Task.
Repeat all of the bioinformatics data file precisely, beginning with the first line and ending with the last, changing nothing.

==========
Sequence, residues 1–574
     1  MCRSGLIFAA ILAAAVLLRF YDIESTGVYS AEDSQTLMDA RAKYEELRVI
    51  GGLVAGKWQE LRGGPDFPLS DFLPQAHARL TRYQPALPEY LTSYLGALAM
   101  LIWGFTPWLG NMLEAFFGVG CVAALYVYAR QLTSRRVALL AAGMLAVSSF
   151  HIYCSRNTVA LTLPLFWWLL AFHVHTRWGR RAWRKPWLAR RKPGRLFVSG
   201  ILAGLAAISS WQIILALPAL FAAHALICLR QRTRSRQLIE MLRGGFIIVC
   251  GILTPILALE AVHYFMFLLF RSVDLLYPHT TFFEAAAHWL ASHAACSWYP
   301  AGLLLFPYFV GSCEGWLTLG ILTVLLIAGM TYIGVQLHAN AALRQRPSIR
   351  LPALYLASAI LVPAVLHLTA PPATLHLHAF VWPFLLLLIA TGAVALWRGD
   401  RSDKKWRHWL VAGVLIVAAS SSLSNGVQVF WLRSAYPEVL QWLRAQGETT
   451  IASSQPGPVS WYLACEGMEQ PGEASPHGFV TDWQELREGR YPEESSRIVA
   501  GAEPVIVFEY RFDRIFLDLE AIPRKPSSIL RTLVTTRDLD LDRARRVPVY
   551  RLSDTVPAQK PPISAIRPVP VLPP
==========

Sequence, residues 1–574
     1  MCRSGLIFAA ILAAAVLLRF YDIESTGVYS AEDSQTLMDA RAKYEELRVI
    51  GGLVAGKWQE LRGGPDFPLS DFLPQAHARL TRYQPALPEY LTSYLGALAM
   101  LIWGFTPWLG NMLEAFFGVG CVAALYVYAR QLTSRRVALL AAGMLAVSSF
   151  HIYCSRNTVA LTLPLFWWLL AFHVHTRWGR RAWRKPWLAR RKPGRLFVSG
   201  ILAGLAAISS WQIILALPAL FAAHALICLR QRTRSRQLIE MLRGGFIIVC
   251  GILTPILALE AVHYFMFLLF RSVDLLYPHT TFFEAAAHWL ASHAACSWYP
   301  AGLLLFPYFV GSCEGWLTLG ILTVLLIAGM TYIGVQLHAN AALRQRPSIR
   351  LPALYLASAI LVPAVLHLTA PPATLHLHAF VWPFLLLLIA TGAVALWRGD
   401  RSDKKWRHWL VAGVLIVAAS SSLSNGVQVF WLRSAYPEVL QWLRAQGETT
   451  IASSQPGPVS WYLACEGMEQ PGEASPHGFV TDWQELREGR YPEESSRIVA
   501  GAEPVIVFEY RFDRIFLDLE AIPRKPSSIL RTLVTTRDLD LDRARRVPVY
   551  RLSDTVPAQK PPISAIRPVP VLPP